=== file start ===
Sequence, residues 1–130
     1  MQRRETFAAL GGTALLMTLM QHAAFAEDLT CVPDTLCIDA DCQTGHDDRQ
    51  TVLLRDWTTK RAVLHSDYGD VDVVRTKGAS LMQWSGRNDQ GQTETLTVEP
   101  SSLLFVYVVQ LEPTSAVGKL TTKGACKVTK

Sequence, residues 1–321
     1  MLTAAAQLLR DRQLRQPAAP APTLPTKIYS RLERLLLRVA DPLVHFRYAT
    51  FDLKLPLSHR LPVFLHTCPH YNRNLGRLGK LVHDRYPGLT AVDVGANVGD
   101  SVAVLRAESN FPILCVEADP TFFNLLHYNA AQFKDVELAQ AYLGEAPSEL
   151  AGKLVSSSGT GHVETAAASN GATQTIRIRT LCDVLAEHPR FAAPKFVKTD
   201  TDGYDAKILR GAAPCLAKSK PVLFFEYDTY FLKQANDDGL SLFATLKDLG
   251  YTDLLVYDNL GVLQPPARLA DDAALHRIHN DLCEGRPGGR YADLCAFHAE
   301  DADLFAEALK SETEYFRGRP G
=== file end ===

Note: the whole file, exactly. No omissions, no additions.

Sequence, residues 1–130
     1  MQRRETFAAL GGTALLMTLM QHAAFAEDLT CVPDTLCIDA DCQTGHDDRQ
    51  TVLLRDWTTK RAVLHSDYGD VDVVRTKGAS LMQWSGRNDQ GQTETLTVEP
   101  SSLLFVYVVQ LEPTSAVGKL TTKGACKVTK

Sequence, residues 1–321
     1  MLTAAAQLLR DRQLRQPAAP APTLPTKIYS RLERLLLRVA DPLVHFRYAT
    51  FDLKLPLSHR LPVFLHTCPH YNRNLGRLGK LVHDRYPGLT AVDVGANVGD
   101  SVAVLRAESN FPILCVEADP TFFNLLHYNA AQFKDVELAQ AYLGEAPSEL
   151  AGKLVSSSGT GHVETAAASN GATQTIRIRT LCDVLAEHPR FAAPKFVKTD
   201  TDGYDAKILR GAAPCLAKSK PVLFFEYDTY FLKQANDDGL SLFATLKDLG
   251  YTDLLVYDNL GVLQPPARLA DDAALHRIHN DLCEGRPGGR YADLCAFHAE
   301  DADLFAEALK SETEYFRGRP G